Robots have come a long way since they entered our vocabulary a century ago. The year 2020 marks the 100th anniversary of Czech writer Karel Čapek’s groundbreaking science fiction play “R.U.R.” (Rossum’s Universal Robots).
Čapek’s prescient production, in addition to using the word “robot” for the very first time, sparked longstanding debate on the social, moral and economic arguments over the development and use of artificially intelligent technologies. It is interesting to note that the word robot comes from the Czech for “forced labor”.
The robots in R.U.R are not mechanical devices. Instead, they are artificial biological organisms that resemble humans. While these cognitive humanoids are initially content to work for humans, they eventually rebel and wipe out human life. Today, while robots have become a ubiquitous part of everyday life, fears of a complete robotic takeover have somewhat eased, says Mark Gray, a sales manager with Danish collaborative robot manufacturer Universal Robots.
“The interesting thing about modern robots versus those first conceived in Čapek’s play a century ago is that in the past, people viewed robots with deep suspicion. They were viewed as a threat to jobs, and ultimately as a replacement for humans.”
As robotic technology has developed, Gray believes that perception has gradually changed.
“Modern robots are designed to work alongside humans and to take on dull, dirty and dangerous tasks, rather than replace jobs. People are increasingly seeing the benefits that robots can bring to their daily lives. In the wake of the COVID-19 pandemic, for example, robots can take over risky, frontline tasks such as those in testing laboratories.”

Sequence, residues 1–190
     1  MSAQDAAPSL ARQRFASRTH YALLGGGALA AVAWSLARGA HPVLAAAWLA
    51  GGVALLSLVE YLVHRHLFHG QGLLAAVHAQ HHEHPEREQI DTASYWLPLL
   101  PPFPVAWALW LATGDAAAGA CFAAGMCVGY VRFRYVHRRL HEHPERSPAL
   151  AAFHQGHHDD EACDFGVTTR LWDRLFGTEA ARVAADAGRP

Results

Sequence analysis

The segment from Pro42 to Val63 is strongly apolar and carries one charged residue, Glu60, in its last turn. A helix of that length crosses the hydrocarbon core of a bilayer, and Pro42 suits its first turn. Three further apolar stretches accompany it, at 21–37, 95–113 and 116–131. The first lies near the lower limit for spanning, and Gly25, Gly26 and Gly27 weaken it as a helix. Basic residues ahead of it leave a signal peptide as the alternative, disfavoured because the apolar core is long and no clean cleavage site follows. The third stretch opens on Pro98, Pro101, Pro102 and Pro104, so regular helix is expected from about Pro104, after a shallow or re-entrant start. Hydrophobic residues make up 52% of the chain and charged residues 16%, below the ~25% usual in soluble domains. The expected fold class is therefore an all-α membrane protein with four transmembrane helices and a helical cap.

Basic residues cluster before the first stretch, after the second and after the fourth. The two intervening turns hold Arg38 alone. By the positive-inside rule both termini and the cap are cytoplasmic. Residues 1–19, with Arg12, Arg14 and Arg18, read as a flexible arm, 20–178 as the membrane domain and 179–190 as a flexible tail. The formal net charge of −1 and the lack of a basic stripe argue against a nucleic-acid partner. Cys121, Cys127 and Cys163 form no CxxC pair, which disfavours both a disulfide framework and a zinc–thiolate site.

Robots have come a long way since 1920. The manufacturing industry has seen hugely reliable, repeatable, capable robots increasingly improve production efficiency and quality for decades, while the benefits of robotic technology will soon become more obvious in the service and transportation industries, and in the home environment too.
In many ways, Čapek’s robotic conception was a reversal of the realities of technological development. Most experts agree that the advent of fully humanoid, cognitive robots is still many years away. For Mark Gray,
“Advancements towards robots with a human level of cognitive capability have been relatively slow. Nevertheless, at Universal Robots, we believe that the ultimate aim of robotics is to move towards more humanoid robots. We’re already seeing robots such as Pepper being deployed in the hospitality industry and working very effectively.”
Quite when a fully cognitive robot will become reality is a matter of speculation, although the pace of evolution of robotics technology is undoubtedly accelerating, thinks Paul Williams, a sales manager for KUKA Robotics.
“The gap between the robotic future conceived 100 years ago and where we are today has closed more significantly in the last five years than in the previous forty years of robotics combined. The foundations for today’s evolution were laid throughout those forty years, but the advancement in mobile robotics, dexterous mechanical units and in particular collaborative robots over the last five or so years means Čapek’s robotic vision could become achievable within the next generation’s working lifetime.”